An economist says the state, let alone Shreveport-Bossier, will not recover this year from the massive economic downturn caused by the COVID-19 epidemic.
The hard numbers were laid out during the 39th Annual Louisiana Economic Outlook presented by Dr. Loren Scott, professor emeritus of economics at LSU, on Sept. 16, 2020.
He noted the Bureau of Economic Analysis has been tracking Real Gross Domestic Product (RGDP) for the past 73 years and the previous worst quarter was a drop of 10% in 1958. In the second quarter of 2020, RGDP fell a staggering 31.7%.
Statewide, April employment data showed a decrease of 271,900, which is -14% overall. The Leisure and Hospitality sector saw employment decrease by -46%, a total of -106,500 employees lost, with the construction sector a distant second at -17%.
“The Leisure and Hospitality sector is where your casinos are. There were 16,000 people employed in those across the state and those casinos were totally closed down (for months),” said Dr. Scott.
He added, “This is the first time in history of the United States that a downturn was led by a services sector. Typically, the services sector is kind of an anchor.”
Dr. Scott went on to note that Louisiana is No. 2 in the nation for refining capacity. He pointed out that gasoline consumption dropped -42% in roughly three weeks.
“That really hammered the refinery industry and the first thing they did was start laying off contract workers,” he explained.
His report went on to note the -15% employment in the mining sector, which contains the important oil and gas industry. Oil prices were at $60 in early 2020 and then hit a historic low of $-38 for one day this spring. The good news is that the price of oil had rebounded to $40 per barrel by the end of June.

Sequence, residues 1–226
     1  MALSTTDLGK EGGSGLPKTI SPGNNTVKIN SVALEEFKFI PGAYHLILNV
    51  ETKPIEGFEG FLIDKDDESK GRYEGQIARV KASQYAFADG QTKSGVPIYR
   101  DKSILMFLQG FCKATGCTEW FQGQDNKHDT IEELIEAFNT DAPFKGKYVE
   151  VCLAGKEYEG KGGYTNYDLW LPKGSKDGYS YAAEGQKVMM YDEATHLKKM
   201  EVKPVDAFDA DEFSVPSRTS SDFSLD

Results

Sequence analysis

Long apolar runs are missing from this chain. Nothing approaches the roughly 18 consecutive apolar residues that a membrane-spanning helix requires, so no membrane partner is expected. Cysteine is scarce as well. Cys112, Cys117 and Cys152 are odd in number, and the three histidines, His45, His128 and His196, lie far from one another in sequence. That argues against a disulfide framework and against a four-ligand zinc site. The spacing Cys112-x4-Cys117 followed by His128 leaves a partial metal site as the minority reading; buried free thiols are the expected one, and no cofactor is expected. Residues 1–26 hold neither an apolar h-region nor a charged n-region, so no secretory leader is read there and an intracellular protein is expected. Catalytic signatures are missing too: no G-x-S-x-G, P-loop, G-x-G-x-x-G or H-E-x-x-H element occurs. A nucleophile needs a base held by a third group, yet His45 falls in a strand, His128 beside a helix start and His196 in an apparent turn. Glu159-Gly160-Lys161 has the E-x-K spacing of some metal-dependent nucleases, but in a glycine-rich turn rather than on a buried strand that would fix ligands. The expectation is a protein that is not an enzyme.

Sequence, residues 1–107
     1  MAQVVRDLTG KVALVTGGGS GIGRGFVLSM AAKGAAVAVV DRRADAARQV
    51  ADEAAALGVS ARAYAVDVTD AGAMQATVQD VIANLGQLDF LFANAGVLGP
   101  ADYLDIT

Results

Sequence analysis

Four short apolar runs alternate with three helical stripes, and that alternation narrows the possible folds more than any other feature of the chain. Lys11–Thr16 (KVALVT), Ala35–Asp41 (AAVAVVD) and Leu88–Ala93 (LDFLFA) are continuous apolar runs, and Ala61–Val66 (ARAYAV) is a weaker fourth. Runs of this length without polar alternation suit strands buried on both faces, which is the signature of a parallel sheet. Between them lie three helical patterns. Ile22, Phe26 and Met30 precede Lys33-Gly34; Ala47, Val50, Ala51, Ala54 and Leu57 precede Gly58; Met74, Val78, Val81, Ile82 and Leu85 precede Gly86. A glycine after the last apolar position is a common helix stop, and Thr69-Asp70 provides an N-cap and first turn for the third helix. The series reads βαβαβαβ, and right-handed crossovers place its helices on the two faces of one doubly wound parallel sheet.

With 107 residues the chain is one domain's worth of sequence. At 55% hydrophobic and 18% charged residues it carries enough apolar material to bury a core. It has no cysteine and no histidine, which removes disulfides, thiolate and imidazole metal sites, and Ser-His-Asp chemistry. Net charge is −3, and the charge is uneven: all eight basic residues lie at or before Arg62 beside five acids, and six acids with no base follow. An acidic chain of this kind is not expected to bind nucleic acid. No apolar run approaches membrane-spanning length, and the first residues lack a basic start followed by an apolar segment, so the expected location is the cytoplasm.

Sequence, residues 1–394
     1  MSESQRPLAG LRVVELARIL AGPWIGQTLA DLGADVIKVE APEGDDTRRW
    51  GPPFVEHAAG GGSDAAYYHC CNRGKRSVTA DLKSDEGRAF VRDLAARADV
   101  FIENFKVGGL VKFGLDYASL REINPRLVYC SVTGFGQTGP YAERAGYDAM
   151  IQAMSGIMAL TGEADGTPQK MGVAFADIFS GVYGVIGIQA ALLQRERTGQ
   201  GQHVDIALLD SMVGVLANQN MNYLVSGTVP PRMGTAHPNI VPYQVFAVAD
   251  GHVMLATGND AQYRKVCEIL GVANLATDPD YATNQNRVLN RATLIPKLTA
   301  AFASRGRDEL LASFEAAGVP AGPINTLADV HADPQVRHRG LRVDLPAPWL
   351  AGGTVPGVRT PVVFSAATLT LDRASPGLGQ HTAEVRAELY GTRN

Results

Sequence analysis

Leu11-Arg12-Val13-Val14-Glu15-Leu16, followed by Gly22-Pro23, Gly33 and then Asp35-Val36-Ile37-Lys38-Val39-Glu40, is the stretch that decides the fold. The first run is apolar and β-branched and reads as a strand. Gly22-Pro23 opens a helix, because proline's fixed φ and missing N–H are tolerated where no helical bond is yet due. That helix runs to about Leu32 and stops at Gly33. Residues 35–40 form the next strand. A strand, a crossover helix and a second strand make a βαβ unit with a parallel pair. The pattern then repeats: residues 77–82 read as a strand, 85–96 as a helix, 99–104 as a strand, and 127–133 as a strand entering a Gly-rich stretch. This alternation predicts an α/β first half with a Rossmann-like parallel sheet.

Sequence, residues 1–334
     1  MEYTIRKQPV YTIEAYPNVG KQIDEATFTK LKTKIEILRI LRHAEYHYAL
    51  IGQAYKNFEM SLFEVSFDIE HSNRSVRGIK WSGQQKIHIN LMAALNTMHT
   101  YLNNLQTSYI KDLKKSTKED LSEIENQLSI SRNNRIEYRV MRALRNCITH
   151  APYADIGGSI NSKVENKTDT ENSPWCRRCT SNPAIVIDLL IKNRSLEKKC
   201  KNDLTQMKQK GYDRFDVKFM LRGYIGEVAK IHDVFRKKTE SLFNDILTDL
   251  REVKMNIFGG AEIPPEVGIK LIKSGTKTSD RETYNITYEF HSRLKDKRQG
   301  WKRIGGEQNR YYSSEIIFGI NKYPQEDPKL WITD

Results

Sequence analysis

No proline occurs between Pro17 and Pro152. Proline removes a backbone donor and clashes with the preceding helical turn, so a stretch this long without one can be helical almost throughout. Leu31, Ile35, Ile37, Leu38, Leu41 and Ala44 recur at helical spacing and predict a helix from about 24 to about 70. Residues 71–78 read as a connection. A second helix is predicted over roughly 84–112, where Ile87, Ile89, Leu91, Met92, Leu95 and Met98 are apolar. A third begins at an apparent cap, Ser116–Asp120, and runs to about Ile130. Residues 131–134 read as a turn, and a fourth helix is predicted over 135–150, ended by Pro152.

Oil prices are difficult to forecast, partly due to many oil fields across the globe being in the hands of governments, but Dr. Scott said he sees the price of oil being $45 next year and $49 in 2022.
“This is not a good forecast for Louisiana. Louisiana needs oil prices in the $55 range,” he noted.
On the flip side, he sees the price of natural gas almost doubling between now and 2022. This is because the rig count dropped from more than 1,000 to 250 currently.
“In the shale basin, a lot of associated natural gas is un-produced, so the price will go from $1.60 to $3.10. That’s good news for you all because of the Haynesville Shale. I think there’s some good things about to happen there for you folks,” Dr. Scott exclaimed.
April employment data for Metropolitan Statistical Area (MSA) showed the Shreveport-Bossier MSA had a decrease of -13%, a loss of -23,100 jobs.
“Shreveport-Bossier got hit about as hard as anybody did. One of the reasons for this is because you have the second largest casino market in the state. About 4,800 people were employed in the casinos and these were closed in mid-March and not reopened until mid-June,” said Dr. Scott.
Looking at the economy’s recovery since this spring, the Shreveport-Bossier MSA’s economy kept up with state trends — jobs increased by 49% for an overall job loss of -11,900.
In July, state employment in July rose to -138,200, which is an increase of 49% over the dire April numbers.
The biggest sector increase was in the State Government sector, which grew by 193%.
Leisure and hospitality rose to -16,900, an increase of more than 50%, while the Construction sector grew by 41%. One of only two negative sectors was the Mining sector, which fell another -12% to reach -6,400 jobs.
– BIZ. Magazine